Math Question


by Edwin
Tags: math
Edwin
Edwin is offline
#1
Nov16-05, 10:17 PM
P: 167
How would you solve the following system of simultaneous equations for t and b?

sin(pi*t) = 0

sin(pi*(t^2 + 35)/(2*t)) = 0

(t^2 + 35)/(2*t) - t/2 - b/2 = 0

t^2/35 +35/t^2 -t/b - b/t = 0

t*b = 35

inquisitively,

Edwin G. Schasteen
Phys.Org News Partner Science news on Phys.org
Review: With Galaxy S5, Samsung proves less can be more
Making graphene in your kitchen
Study casts doubt on climate benefit of biofuels from corn residue
Tide
Tide is offline
#2
Nov16-05, 10:40 PM
Sci Advisor
HW Helper
P: 3,149
For starters, you should recognize the first equation tells you t is an integer. Likewise, the second tells you

[tex]\frac {t^2 + 35}{2t}[/tex]

is also an integer.
Edwin
Edwin is offline
#3
Nov16-05, 11:44 PM
P: 167
That is true. But how do you solve for t algebraically? Is it even possible to solve these systems of equations without using a graphing calculator? Is it possible using numerical methods? If so, which methods?

Inquisitively,

Edwin

Integral
Integral is offline
#4
Nov17-05, 12:46 AM
Mentor
Integral's Avatar
P: 7,292

Math Question


Simple observation and common sense go along ways in this sort of problem. I do not know of any numerical method which will work well. The problem comes when you are restricted to the integers. This is not the natural domain of numerical methods which are planted firmly in the real number line.

As Tide pointed out your first equations restricts you to the integers, the second further restricts you to a small set of integers.

Rewrite your 2nd condition as

[tex] 2n = t + \frac {35} t [/tex]

So the RHS is an even integer, there are only 3 integers which can satisfy this equation. Can you complete the problem?
HallsofIvy
HallsofIvy is offline
#5
Nov17-05, 06:45 AM
Math
Emeritus
Sci Advisor
Thanks
PF Gold
P: 38,886
If you are referring to t, there are 8 integers that will make the right hand side an integer.

If you are referring to n, there are 4 integers that will satisfy it.
Integral
Integral is offline
#6
Nov17-05, 10:22 AM
Mentor
Integral's Avatar
P: 7,292
Quote Quote by HallsofIvy
If you are referring to t, there are 8 integers that will make the right hand side an integer.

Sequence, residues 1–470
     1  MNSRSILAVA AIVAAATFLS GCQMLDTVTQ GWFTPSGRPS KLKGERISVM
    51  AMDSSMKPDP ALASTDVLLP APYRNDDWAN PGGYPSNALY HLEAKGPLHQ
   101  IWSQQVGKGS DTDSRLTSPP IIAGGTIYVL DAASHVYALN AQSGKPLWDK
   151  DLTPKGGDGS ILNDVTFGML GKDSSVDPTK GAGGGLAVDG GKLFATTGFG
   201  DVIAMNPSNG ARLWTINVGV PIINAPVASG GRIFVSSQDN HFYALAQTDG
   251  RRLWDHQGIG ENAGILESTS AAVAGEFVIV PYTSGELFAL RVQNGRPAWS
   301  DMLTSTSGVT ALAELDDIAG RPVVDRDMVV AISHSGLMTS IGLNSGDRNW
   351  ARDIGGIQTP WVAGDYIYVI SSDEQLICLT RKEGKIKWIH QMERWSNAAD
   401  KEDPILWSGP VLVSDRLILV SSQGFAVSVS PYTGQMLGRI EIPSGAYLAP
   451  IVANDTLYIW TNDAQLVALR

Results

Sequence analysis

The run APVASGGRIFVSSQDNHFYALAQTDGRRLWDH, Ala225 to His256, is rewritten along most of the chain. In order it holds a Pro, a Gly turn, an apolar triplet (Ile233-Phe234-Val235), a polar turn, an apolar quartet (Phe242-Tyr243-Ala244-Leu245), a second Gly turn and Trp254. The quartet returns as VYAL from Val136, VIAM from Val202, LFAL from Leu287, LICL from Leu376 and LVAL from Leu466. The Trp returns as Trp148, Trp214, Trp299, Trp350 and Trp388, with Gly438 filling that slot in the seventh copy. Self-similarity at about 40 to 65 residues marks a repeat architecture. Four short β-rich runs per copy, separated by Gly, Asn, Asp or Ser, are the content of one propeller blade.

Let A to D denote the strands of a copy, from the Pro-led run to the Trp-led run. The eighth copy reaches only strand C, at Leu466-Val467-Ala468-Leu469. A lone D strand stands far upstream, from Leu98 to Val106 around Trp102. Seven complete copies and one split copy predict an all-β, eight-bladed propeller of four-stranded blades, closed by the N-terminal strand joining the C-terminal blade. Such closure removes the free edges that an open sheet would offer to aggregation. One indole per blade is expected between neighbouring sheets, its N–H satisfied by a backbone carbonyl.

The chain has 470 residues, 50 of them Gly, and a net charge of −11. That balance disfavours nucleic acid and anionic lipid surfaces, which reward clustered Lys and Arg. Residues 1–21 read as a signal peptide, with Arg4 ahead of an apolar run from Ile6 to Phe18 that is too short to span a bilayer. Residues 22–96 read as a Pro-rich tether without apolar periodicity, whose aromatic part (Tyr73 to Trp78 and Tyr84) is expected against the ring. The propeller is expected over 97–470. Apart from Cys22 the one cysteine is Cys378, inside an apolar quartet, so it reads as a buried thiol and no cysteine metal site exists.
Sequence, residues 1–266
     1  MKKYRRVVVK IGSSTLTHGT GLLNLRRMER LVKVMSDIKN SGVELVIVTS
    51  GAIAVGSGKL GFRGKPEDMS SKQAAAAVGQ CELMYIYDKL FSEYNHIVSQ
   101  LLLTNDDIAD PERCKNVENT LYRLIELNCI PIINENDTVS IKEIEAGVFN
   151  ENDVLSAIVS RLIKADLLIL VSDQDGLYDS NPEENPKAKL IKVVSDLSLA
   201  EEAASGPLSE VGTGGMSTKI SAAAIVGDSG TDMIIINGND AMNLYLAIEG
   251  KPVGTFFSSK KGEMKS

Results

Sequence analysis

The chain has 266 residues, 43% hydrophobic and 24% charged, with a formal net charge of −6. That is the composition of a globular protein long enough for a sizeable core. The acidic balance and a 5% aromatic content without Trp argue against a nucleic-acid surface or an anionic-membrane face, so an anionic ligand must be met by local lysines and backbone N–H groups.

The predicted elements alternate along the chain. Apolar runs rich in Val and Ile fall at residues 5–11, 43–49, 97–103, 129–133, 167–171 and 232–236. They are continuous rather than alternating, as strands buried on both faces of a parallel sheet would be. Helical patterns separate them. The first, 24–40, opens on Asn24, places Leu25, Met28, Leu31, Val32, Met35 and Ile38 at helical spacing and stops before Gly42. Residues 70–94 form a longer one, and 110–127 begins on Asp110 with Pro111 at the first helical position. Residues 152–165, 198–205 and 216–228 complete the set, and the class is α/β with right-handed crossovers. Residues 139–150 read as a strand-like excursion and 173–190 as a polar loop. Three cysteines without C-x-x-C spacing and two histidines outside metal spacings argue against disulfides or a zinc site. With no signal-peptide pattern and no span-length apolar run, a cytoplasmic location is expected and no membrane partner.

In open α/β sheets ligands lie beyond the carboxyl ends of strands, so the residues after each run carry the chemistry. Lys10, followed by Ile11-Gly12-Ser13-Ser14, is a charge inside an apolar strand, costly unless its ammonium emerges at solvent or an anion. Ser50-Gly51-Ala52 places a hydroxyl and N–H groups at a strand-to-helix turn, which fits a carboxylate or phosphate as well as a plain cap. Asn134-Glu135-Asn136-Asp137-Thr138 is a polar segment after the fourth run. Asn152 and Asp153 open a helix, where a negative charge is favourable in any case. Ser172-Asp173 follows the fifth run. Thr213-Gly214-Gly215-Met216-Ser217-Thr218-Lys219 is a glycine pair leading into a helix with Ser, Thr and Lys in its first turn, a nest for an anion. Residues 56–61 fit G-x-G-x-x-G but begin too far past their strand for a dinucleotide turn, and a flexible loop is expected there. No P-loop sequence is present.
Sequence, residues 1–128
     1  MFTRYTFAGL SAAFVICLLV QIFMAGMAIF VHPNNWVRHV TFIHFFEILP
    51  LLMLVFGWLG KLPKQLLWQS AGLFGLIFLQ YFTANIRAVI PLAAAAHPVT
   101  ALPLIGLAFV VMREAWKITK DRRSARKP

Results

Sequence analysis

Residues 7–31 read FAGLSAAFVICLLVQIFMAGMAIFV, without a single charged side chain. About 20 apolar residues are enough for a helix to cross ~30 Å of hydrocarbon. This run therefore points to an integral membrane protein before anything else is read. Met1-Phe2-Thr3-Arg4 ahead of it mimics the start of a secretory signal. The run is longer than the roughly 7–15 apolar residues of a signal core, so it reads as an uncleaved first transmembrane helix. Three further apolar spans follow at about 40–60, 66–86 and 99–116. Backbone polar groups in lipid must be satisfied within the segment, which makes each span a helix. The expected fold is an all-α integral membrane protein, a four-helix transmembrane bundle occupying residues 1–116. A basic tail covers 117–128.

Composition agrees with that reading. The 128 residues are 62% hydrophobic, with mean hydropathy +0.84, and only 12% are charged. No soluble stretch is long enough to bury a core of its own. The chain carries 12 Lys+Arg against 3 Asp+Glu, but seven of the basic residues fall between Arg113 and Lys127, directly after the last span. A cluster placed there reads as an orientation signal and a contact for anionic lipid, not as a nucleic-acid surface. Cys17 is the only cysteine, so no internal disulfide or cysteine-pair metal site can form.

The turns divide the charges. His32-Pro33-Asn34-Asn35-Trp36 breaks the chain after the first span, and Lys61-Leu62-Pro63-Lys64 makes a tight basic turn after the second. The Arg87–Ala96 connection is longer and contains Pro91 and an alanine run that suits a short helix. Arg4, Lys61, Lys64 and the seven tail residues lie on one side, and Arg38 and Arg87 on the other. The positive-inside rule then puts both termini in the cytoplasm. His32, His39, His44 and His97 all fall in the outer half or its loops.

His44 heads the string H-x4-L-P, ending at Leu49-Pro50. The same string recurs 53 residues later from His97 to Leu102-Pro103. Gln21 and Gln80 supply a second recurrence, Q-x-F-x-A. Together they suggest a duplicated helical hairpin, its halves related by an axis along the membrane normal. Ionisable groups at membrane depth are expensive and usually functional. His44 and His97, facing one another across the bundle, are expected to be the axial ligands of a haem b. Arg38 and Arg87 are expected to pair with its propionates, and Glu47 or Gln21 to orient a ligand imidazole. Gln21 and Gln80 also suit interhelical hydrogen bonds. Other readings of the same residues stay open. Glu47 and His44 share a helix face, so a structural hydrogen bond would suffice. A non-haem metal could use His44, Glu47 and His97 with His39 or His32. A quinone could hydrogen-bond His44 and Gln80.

If you are referring to n, there are 4 integers that will satisfy it.
I can see 4 integers, 1,5,7,35...I missed the 35 before, But 8? Are you counting negitives as well?
Edwin
Edwin is offline
#7
Nov17-05, 08:59 PM
P: 167
Thanks for the help guys. Notice that the numbers 5 and 7 are prime factors of 35. What I am actually trying to do find is to find a general method to solve these systems of equations, if possible, for numbers Cp that are composites of two odd prime numbers.

sin(pi*t) = 0

sin(pi*(t^2 + Cp)/(2*t)) = 0

(t^2 + Cp)/(2*t) - t/2 - b/2 = 0

t^2/Cp +Cp/t^2 -t/b - b/t = 0

t*b = Cp

With the domain restriction on t -> D:{1<t<=Cp}

I constructed these systems of equations because the only values of t in the domain of t given above are the odd prime factors of Cp.

This is true no matter how big Cp is. To find a general and efficient method to solve these equations for large Cp would be to find an efficient method to factor large Cp.

I think

[tex] 2n = t + \frac {35} t [/tex]

is one step closer to solving this problem.

By the way the n of interest is always (a+b)/2 where a and b are the odd prime factors of Cp.

For example, (7+5)/2 = 12/2 = 6, 6 is the only interesting even integer n that satisfies the second condition, and with it, you can immediately factor Cp = 35 as follows.


6^2 - 35 = 1

The prime factors of 35 are then just 6 + 1 = 7 and 6 - 1 = 5

The odd prime factors of Cp can always be solved for by the following algorithm.

{[(a+b)/2]^2 - Cp}^(1/2) = m

a = n + m

b = n - m

So the overall drive to solve the systems of equations above for large Cp is to find n which will enable one to factor large values of Cp.

Any further assistance would be most appreciated. I've found so far that these problems equations are difficult to solve, and it is my conjecture that there exists no efficient general method to solve the system of equations above. Please prove me wrong

Best Regards,

Edwin


Register to reply

Related Discussions
Need help for one math question General Math 2
pls help:math question Precalculus Mathematics Homework 10
math question Precalculus Mathematics Homework 5
math question Introductory Physics Homework 2
Math question Introductory Physics Homework 16